Executive Program in Health Administration (Executive MSHA) is offered through the Executive Programs division. The MBA, the Executive MBA , and the MS degrees in business are accredited by AACSB International, the Association to Advance Collegiate Schools ofBusiness. The MBA and MS in Health Administration are also accredited by the Accrediting Commission on Education for Health Services Administration (ACEHSA). Requirements for Admission to the MBA and MS Programs ADMISSIONS ADVISING Persons contemplating graduate study are encouraged to learn about admission and program requirements by scheduling an appointment with a graduate advisor or attending one of the regularly scheduled prospective student information meetings. Call303-556-5900. Adm i ssion to the graduate programs in business (MBA and MS) is granted only to students showing high promise of success in graduate business study . Admission is based on the following indicators of the candidate's likelihood to succeed in the program: ACADEMIC RECORD The bachelor ' s degree must be earned from a regionally accredited university. The total academic record is considered, including the grade point average , the course of study, and the quality of the program. REQUIRED TESTING The Graduate Management Admission Test (GMAT) is required for admission consideration for any applicant who does not have a post baccalaureate degree. The GMAT test is administered several times each year at numerous centers throughout the world. For information and to make application for the test , write to : Graduate Management Admiss i on Test, Educational Testing Service, CN 6103 , Princeton, NJ 0854 1 ; or phone 1-800-GMATNOW; or visit their website at The code number for UCDHSC's graduate business programs is 4 8 19. WORK EXPERIENCE A record of appropriate employment at increasing levels of responsi bility is considered a positive indicator of the likelihood of successful completion of graduate work. BACKGROUND REQUI R EMENTS Students app l ying for graduate programs in business do not need to have taken their undergraduate degrees in business . The MBA program is specifically designed so that the required courses cover the m aterial need ed for comp l etion of the degree. There are no prerequisites needed to start the MBA program. Applicants for the MS degree, however, may be required to take background or Common Body of Knowle dge courses , depending on the individual's academic background. Students with non-business backgrounds have completed the program successfully. For more detailed information, phone a graduate aca d emic advisor, 303-556-5900. It is expected that students have an adequate level of personal computer proficiency i n a word processing and spreads h eet software, as well as a good working knowledge of basic algebra and proper English. THE ADMISSION PROCESS Mailing address for applications : Graduate Admissions The Business School University of Colorado at Denver and Health Sciences Center Campus Box 165 , P.O. Box 1 7 3364 Denver, CO 80217-3364 Graduate Business Programs I 9 7 Students seeking admission to the 11-Month MBA , MBA with an emphasis in Health Administration , MS in Health Administration, or Executive Programs should consult with the relevant catalog s ections for additional application criteria or requirements. Domestic Application Requirement s 1. Complete Parts I and II of the Application for Graduate Admission and the four essay questions. 2 . Have required GMAT scores sent directly to the graduate business admissions office from the Educational Testing Service. The code for UCDHSC's graduate business programs is 4819. 3. Have two official transcripts (not student copies) mailed directly from each school , college , and university ever attended past high school. Transcripts must be sent even if credit coursework completed was not part of a degree program or was taken after an undergraduate degree was earned. 4. Resume 5. Enclose a check for $50 for the MBA or MS programs, or $80 for the dual MBA/MS or dual MS/MS, made payable to the University of Colorado. Personal interviews are not required, except for the 1 1-Month MBA and the MBA and MS in Health Administration. Deadlines. To be considered for admission , app l icants for graduate programs must submit all materials prior to the following dates: April 1 for summer session admission; June 1 for fall semester admission ; and November 1 for spring semester admission. The 11-Month MBA option only admits students each fall. Early applications are encouraged because, if admitted, the student receives priority for registration time assignment. Applications received after published deadlines with complete supporting documentation, scores, fees, and transcripts will be cons i dered, but do not receive priority handling. International Students. Foreign applicants must fill out special forms, score at least 525 (paper based) or 19 7 (computer based) on the TOEFL exam , pay a $ 7 5 fee ( $95 for dual MBA/MS) , and me e t significantly earlier deadlinesJanuary 15 for summer session admission , March 15 for fall semester admission, and October 1 for spring semester admission . Academic Policies for Graduate Students ADVISING As soon as possible after being admitted, students should schedule an appointment with a graduate advisor to discuss general degree require ments, plus determine if any background coursework may be required and/or what Common Bod y of Knowledge courses might be waived for the MS degree. DEGREE PlAN All students are encouraged to meet with a graduate advisor during their first semester to review their degree plan. Students are encouraged to meet with a graduate advisor throughout their program to ensure the correct sequenc ing of courses . Students must petition before receiving degree credit for any course changes. COURSE LOAD The normal course load for ful l -time graduate students is 9-15 semester hours . However, because many students also are pursuing a career, it is possib l e to attend classes on a part-time basis by enrolling for 3-6 semester hours. For financial aid purposes , 6 semester hours of graduate study is considered full time. Graduate courses are scheduled primarily in the evening in order to accommodate the working student. TRANSFE R OF CREDIT Upon approval of the graduate committee , a maximum of 12 semester hours of graduate business coursework may be transferred to UCDHSC Catalog 2005-06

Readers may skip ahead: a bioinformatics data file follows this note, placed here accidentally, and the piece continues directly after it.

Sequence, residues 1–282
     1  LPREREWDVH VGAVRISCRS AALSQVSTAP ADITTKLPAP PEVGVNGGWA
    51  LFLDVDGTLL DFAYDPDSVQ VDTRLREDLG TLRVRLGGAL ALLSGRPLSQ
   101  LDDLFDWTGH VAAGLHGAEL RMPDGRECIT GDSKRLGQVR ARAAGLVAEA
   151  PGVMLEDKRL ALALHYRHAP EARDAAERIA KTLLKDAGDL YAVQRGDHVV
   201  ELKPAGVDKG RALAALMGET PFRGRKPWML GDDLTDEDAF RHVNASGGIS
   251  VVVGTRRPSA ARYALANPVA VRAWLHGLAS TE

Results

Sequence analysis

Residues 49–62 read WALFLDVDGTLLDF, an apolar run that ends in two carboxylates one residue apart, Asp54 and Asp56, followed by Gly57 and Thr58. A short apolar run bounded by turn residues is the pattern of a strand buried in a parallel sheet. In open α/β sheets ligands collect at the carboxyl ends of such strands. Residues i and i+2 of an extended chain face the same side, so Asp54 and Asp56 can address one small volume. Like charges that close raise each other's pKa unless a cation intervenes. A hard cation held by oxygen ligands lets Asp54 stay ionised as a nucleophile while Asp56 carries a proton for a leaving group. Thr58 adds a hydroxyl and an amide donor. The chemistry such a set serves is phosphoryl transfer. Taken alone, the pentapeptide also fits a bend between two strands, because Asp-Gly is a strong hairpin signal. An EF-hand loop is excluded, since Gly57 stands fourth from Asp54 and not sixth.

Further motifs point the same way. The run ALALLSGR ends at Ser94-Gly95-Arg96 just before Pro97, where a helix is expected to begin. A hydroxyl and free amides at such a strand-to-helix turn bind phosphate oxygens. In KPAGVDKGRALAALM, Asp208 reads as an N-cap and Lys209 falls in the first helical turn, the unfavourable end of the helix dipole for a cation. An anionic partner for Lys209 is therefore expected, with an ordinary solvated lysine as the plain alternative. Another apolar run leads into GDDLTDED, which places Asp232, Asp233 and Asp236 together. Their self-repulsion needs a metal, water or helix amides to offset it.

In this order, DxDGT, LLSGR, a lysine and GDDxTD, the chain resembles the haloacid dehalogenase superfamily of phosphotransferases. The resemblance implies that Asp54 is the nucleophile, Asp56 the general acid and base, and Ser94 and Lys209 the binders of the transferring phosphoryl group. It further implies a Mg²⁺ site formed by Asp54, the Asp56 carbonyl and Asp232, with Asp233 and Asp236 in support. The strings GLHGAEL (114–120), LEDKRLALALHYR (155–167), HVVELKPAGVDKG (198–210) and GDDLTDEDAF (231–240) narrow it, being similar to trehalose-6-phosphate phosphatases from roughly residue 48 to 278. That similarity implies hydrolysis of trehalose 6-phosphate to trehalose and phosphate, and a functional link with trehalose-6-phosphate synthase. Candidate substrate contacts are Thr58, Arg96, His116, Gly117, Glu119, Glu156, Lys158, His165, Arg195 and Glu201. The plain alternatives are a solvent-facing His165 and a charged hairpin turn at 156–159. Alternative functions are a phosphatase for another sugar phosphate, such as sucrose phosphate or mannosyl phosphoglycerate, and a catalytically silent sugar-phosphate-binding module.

PAGE 102